*Indicates that price includes sales tax and/or shipping charges. 

Oh boy, that is a lot, both in terms of total number of items and total spend, especially given that this was not my only shopping in April and May! My hope is that this takes care of almost all my business wear needs through the end of pregnancy, save for maybe another one of those Seraphine jersey dresses and a few pairs of maternity tights for fall/winter. 

I'm hoping the Madewell jeans are the only pair of maternity jeans or pants I'll need, since I far prefer the fit of dresses and skirts. I probably will need some actual maternity tops too, but hopefully not too many. I should at least be done with summer clothing now, since I mostly rely on those Heinui and Hill House dresses, and also my Elizabeth Suzann Harlow dress and Georgia dress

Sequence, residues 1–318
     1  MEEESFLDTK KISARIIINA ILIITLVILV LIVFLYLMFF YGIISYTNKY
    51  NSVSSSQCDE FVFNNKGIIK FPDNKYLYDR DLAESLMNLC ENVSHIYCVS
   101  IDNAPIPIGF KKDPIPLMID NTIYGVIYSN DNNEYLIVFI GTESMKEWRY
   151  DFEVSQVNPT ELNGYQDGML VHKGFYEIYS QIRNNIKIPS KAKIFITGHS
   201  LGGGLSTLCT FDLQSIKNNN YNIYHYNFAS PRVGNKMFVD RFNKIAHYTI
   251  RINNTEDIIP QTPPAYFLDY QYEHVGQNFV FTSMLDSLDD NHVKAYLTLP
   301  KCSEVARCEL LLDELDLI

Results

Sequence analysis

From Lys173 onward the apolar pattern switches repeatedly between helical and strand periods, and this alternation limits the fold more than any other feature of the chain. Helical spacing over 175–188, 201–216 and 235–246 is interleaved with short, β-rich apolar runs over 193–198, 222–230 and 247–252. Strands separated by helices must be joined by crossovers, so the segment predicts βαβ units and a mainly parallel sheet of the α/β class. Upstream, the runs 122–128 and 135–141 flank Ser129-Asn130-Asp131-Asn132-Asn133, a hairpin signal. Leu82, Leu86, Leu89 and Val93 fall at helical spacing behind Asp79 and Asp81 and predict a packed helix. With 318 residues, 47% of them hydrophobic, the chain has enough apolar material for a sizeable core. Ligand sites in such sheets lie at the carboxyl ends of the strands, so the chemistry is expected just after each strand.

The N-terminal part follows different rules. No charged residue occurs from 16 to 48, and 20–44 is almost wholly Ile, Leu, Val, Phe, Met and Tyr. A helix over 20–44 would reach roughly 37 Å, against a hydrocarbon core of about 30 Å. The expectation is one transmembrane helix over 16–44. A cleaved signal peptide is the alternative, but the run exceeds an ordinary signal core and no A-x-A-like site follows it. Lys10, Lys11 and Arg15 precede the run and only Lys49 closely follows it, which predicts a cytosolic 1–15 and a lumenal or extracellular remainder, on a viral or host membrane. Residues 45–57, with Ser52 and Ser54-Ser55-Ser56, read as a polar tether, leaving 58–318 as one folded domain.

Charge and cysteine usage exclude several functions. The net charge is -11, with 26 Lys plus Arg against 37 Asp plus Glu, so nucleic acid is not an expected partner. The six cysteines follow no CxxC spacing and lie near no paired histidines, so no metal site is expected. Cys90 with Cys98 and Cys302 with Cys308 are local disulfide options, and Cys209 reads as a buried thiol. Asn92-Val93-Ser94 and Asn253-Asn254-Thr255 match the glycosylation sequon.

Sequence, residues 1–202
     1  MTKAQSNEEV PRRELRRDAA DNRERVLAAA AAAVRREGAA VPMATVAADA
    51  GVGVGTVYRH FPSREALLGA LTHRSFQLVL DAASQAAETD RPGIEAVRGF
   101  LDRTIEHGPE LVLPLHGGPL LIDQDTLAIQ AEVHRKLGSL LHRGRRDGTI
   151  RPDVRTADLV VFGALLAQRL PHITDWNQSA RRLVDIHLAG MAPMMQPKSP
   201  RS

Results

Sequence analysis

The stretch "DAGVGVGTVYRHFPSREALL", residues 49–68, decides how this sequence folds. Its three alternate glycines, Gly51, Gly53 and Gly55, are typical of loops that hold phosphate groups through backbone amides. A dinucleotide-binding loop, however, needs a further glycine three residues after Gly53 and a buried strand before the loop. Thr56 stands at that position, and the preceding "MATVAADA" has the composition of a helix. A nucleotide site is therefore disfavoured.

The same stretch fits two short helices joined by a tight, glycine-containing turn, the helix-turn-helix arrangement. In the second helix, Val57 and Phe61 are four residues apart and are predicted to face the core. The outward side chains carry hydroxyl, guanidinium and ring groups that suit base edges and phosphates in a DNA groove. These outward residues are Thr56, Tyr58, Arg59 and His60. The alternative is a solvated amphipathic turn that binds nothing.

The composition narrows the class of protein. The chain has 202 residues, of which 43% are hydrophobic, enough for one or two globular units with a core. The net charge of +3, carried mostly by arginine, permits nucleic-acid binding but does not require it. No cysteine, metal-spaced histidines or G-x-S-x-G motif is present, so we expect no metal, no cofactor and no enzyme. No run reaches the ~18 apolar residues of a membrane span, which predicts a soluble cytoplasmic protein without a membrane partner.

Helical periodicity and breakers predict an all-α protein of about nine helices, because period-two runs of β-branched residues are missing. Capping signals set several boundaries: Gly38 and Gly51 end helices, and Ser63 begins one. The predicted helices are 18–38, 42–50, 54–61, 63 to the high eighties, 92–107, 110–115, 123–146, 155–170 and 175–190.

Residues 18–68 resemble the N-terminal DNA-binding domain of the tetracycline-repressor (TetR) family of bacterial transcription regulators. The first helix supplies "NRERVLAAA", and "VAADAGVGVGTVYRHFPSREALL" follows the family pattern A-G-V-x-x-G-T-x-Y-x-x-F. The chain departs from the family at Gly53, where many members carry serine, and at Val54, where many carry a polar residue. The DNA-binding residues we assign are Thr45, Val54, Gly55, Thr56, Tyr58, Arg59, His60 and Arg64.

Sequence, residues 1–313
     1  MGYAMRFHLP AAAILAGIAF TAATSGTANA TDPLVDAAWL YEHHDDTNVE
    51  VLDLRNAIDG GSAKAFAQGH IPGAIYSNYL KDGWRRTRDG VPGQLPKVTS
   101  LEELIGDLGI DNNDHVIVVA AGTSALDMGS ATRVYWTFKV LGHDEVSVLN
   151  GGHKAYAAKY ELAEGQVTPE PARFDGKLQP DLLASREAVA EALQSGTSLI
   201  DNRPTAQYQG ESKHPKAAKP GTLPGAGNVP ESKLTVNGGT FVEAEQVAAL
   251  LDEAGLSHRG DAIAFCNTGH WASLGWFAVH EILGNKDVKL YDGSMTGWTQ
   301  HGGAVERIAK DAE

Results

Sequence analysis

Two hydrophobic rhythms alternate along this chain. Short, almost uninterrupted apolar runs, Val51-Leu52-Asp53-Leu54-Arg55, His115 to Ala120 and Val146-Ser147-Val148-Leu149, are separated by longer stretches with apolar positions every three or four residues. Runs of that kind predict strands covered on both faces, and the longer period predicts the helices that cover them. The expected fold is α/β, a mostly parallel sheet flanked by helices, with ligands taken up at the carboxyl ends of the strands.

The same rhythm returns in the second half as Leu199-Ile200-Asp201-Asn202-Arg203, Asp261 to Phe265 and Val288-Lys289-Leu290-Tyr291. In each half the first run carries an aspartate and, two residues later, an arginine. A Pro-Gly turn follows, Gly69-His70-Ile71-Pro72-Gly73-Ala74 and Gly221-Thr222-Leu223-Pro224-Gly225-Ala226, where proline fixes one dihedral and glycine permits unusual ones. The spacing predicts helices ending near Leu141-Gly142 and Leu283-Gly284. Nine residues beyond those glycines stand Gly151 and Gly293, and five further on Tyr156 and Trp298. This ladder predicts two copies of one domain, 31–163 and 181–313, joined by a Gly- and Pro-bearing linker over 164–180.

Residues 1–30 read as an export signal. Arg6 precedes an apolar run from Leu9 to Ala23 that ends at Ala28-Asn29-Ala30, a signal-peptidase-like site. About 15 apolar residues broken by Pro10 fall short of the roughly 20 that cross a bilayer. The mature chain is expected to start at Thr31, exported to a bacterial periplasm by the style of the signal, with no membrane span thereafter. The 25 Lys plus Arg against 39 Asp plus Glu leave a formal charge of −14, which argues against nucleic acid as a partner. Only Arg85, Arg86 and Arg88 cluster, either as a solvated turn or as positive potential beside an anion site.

As always, I don't list sleepwear, activewear, swimwear, underthings, and socks in these posts, categories of items I find boring and am unlikely to overbuy because they're so utilitarian-only for me. I did order a few maternity swimsuits to try before my recent vacation, and my favorite was the Motherhood Beach Bump Bikini (also here or here; cheapest but mostly final sale here), though I would have done better mixing and matching top and bottom sizes rather than just getting a size M set. I wore that and some non-maternity bra-sized bikinis in Turks and Caicos. Most other maternity swimwear I tried on was simply not large enough in the bust for me, so that's a product category that generally just doesn't work for my body, I think.